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Statutory Public Lectures

About Statutory Public Lectures

Éamon de Valera was an ardent devotee of the public lecture as a form of intellectual entertainment, and it was his firm desire that the Institute which he was founding should provide a regular programme of public lectures on specialist topics. He proposed initially that all members of staff at professorial level should have to give six such public lectures a year. This would have been a formidable task, and it would have completely frustrated the purposes for which special arrangements for Irish Studies research had been planned. When de Valera was drafting specifications for his Institute, he had a much closer rapport with physicists, and had more regular exchanges with them, than with any senior scholar in Irish Studies. He particularly relied for advice and guidance on Arthur W. Conway, Professor of Mathematical Physics at University College, Dublin. Conway attempted to dissuade de Valera from stipulating the provision of public lectures. He argued plausibly that (1) a public lecture on a topic of advanced research would probably be understood in a small centre like Dublin by perhaps two people, and (2) the provision of more popular lectures is a specialized activity to which, in any case, only some subject areas are amenable. This reasoning had some effect, and the statutory requirement was eventually reduced to a general exhortation that occasional public lectures be organized by each School and, specifically, that arrangements be made for:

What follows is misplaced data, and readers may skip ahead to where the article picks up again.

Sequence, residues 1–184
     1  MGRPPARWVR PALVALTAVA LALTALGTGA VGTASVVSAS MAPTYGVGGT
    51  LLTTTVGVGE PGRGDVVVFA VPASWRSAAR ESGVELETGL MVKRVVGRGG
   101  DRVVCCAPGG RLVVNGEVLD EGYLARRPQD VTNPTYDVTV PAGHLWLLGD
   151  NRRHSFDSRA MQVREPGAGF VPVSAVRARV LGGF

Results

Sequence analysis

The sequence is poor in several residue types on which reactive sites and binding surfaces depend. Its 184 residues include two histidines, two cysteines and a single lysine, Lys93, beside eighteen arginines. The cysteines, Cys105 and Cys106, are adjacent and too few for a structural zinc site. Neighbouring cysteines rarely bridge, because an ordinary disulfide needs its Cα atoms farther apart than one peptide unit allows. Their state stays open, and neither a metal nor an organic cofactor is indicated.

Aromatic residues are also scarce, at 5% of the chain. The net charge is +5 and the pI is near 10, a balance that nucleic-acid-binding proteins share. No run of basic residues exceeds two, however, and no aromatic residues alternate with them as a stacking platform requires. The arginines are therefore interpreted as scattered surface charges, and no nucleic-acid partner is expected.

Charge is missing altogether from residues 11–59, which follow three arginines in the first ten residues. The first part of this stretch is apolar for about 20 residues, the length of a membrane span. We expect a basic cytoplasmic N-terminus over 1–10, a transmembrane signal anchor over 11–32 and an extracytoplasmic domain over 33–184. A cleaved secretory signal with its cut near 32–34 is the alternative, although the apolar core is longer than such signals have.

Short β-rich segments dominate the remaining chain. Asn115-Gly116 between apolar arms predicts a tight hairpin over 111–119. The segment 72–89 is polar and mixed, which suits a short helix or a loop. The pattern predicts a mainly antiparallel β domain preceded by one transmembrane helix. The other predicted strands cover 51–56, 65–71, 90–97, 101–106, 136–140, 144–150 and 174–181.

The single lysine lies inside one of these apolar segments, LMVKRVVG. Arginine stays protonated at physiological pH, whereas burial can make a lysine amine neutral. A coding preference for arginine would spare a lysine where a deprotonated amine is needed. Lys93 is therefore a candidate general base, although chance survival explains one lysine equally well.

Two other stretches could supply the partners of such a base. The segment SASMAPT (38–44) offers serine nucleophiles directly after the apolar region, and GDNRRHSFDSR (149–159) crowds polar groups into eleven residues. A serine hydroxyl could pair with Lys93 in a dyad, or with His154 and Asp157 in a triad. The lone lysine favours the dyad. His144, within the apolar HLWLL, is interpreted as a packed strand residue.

… the delivery in alternate years in University College, Dublin, and Trinity College, Dublin, of one or more public lectures on subjects or branches of knowledge in respect of which study or research is being carried on in or under the authority of the School … (Establishment Order 17.2).

It is these annual lectures, alternating between University College and Trinity College in Dublin, which have come traditionally to be called the `Statutory Public Lectures’. From the beginning, the Statutory Public Lecture requirement has been interpreted as permitting the practice, established by the School of Irish Learning, of providing an opportunity for experts from outside the School and, whenever possible, from overseas, to lecture on aspects of their research.

Previous Statutory Public Lectures

2016
Barry J. Lewis
View the lecture, and download the notes (PDF).
Part of Tionól 2016
2015
Ruairí Ó hUiginn: The Emergence of Modern Irish
View the lecture, and download the notes (PDF).
Part of Tionól 2015
2014
Liam Breatnach: The Church in the Laws of Early Mediaeval Ireland
View the lecture
Part of Tionól 2014
2013
Fergus Kelly: Early Irish Music: An overview of the linguistic and documentary evidence
View the lecture

Handout